On one hand, manufacturers have a responsibility to make the safest helmet possible, and when they know that the legal testing standard is inadequate and unrealistic, then they have the additional responsibility of developing helmets that protect in real-world situations.

But, if the consumer proves through their buying habits and through an utter lack of expressed interest in those safer helmets, and the manufacturers might in fact run themselves into the ground by producing maximally-safe helmets that will then be purchased by virtually no one, then it seems right and reasonable that, as an act of self-preservation, such helmets are not offered.

If consumers say they want more vents, and they don’t care if the resulting helmet puts smaller sections of harder foam crushing against their skull should they crash, then what?

Is it the manufacturers’ responsibility to save us from ourselves and refuse to make that type of helmets? If one manufacturer refuses, then won’t there be others willing to oblige?

But Lazer’s (and I assume most if not all manufacturers’) practice of looking, as Chris said, “at what consumers are already buying in that segment” seems to blatantly ignore any possible direct input from consumers. There are no studies, no polls, no questionnaires, no focus groups, no email queries via a database of existing customers.

It’s just, “hey, which helmets are our competitors selling the most of and what features do those helmets already have?” That’s not only a very indirect method of gathering data, but it fails to take into account that consumers only have a specific selection of helmets and features available without even wondering if maybe we’d like something different if we were given an opportunity to provide direct feedback. It’s like the industry doesn’t really give a damn about whether or not we want safer helmets, it’s going to offer us what IT thinks we want and if that isn’t good enough, well just too damned bad.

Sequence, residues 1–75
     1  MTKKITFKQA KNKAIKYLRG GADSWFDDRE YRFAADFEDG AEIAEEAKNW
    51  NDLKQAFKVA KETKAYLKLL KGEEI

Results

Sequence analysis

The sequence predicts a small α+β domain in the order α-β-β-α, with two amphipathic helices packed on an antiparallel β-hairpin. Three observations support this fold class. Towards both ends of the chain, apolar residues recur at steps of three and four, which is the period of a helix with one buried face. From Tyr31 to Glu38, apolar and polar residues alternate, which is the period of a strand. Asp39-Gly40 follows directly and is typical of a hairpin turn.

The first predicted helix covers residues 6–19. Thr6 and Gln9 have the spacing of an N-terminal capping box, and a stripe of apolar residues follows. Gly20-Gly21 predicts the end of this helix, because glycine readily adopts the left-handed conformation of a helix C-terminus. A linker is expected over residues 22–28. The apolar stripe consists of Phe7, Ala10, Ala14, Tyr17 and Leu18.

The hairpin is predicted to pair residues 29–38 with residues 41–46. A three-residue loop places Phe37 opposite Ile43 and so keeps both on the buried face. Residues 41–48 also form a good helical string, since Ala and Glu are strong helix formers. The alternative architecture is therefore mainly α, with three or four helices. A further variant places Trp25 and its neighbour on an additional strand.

When Chris says, “I would politely take issue with people saying that’s what they’re looking for, because that’s not what they’re looking for, because that’s not what people are buying,” isn’t at least a portion of that due to the fact that we can’t buy those helmets with specific safety features because they aren’t even offered?

You can say that consumers “vote” with their wallets, but they can only “vote” in that manner for products that are already on the market and readily available for purchase.

The claim of not knowing or being able to tell if certain features, like faired vents, recessed vents, rounded vent opening edges, or lack of an aero-tail are truly safer or not because of a lack of empirical data and lack of testing standards, on the one hand is true and practical, but on the other is disingenuous. They’d have that empirical data if they gathered it.

And I apologize if this seems like I’m picking on Chris and Lazer. They just happen to be the sacrificial offering, laid upon the altar on behalf of the industry entire. And as of this writing, POC has not replied with requested feedback.

Let’s take, for instance, the Lazer Rigidity Brace System (RBS). Is there a legal testing standard to determine if this is actually safer? Have there been official studies? Or did someone just say, “Hey, if we manage to keep the foam together in multiple low-speed impacts that might be a good thing and save some riders from suffering brain or skull injuries!?”